Antiherpevirus activity of Artemisia arborescens essential oil and inhibition of lateral diffusion in Vero cells
© Saddi et al; licensee BioMed Central Ltd. 2007
Received: 04 June 2007
Accepted: 26 September 2007
Published: 26 September 2007
New prophylactic and therapeutic tools are needed for the treatment of herpes simplex virus infections. Several essential oils have shown to possess antiviral activity in vitro against a wide spectrum of viruses.
The present study was assess to investigate the activities of the essential oil obtained from leaves of Artemisia arborescens against HSV-1 and HSV-2
The cytotoxicity in Vero cells was evaluated by the MTT reduction method. The IC50 values were determined by plaque reduction assay. In order to characterize the mechanism of action, yield reduction assay, inhibition of plaque development assay, attachment assay, penetration assay and post-attachment virus neutralization assay were also performed.
The IC50 values, determined by plaque reduction assay, were 2.4 and 4.1 μg/ml for HSV-1 and HSV-2, respectively, while the cytotoxicity assay against Vero cells, as determined by the MTT reduction method, showed a CC50 value of 132 μg/ml, indicating a CC50/IC50 ratio of 55 for HSV-1 and 32.2 for HSV-2. The antiviral activity of A. arborescens essential oil is principally due to direct virucidal effects. A poor activity determined by yield reduction assay was observed against HSV-1 at higher concentrations when added to cultures of infected cells. No inhibition was observed by attachment assay, penetration assay and post-attachment virus neutralization assay. Furthermore, inhibition of plaque development assay showed that A. arborescens essential oil inhibits the lateral diffusion of both HSV-1 and HSV-2.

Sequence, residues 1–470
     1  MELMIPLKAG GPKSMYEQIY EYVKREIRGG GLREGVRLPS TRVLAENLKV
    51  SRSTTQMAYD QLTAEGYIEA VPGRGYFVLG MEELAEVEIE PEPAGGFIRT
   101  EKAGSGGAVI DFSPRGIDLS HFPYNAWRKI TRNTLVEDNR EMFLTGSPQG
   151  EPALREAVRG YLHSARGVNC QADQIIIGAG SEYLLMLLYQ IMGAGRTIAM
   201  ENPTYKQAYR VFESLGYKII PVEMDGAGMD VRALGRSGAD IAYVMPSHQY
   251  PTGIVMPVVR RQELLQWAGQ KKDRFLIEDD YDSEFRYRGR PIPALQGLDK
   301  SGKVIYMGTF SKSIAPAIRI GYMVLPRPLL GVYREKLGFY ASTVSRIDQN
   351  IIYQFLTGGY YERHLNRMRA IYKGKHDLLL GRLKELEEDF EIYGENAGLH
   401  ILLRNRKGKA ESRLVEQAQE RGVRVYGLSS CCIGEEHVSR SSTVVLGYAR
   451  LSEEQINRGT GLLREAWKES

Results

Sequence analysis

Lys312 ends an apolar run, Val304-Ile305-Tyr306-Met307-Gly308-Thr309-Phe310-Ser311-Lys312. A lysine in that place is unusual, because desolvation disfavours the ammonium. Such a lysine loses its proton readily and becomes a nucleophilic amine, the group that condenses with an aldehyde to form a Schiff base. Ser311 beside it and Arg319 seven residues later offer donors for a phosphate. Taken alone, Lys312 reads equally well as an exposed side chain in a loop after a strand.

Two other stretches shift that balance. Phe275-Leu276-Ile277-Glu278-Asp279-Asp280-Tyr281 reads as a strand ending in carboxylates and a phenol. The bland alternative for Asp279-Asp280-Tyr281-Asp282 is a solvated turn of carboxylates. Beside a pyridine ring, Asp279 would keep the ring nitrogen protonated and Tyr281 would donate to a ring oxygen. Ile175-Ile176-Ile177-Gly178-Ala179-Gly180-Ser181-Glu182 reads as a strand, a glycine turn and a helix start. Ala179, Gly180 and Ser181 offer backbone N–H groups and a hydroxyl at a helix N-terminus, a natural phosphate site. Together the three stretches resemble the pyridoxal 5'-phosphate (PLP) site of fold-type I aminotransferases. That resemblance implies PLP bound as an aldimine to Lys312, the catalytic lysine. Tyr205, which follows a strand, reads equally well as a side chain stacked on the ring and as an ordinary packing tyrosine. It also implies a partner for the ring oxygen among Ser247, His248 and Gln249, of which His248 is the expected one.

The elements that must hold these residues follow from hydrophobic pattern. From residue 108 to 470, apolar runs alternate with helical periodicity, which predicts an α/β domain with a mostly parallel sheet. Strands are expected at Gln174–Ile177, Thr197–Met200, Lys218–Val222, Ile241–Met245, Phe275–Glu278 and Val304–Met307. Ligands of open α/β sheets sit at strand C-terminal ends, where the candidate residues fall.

This study demonstrates the antiviral activity of the essential oil in toto obtained from A. arborescens against HSV-1 and HSV-2. The mode of action of the essential oil as antiherpesvirus agent seems to be particularly interesting in consideration of its ability to inactivate the virus and to inhibit the cell-to-cell virus diffusion.
Primary and secondary manifestations of infections sustained by herpes simplex viruses (HSVs) are among the most prevalent human maladies and HSVs are among the wide range of organisms which cause opportunistic infections in patients with AIDS and in patients who are immunosupressed because of other iatrogenic or pathologic reasons, such as organ transplantation or hematologic malignancies . The emergence of drug-resistant strains of HSV, especially in immunosupressed patients, is a major problem and represents a serious concern both in terms of clinical management and of viral ecology [2–4]. Resistance to all major anti-herpetic drugs, such as acyclovir, vidarabine and foscarnet, has been increasingly observed [5–7]. Furthermore, DNA polymerase mutants induced by prolonged or repeated therapy with vidarabine or foscarnet are often resistant also to combination therapy with existing compounds [8–10]. These observations underscore the importance of exploring new and alternative prophylactic and therapeutic tools for the treatment of herpes simplex infections [11, 12].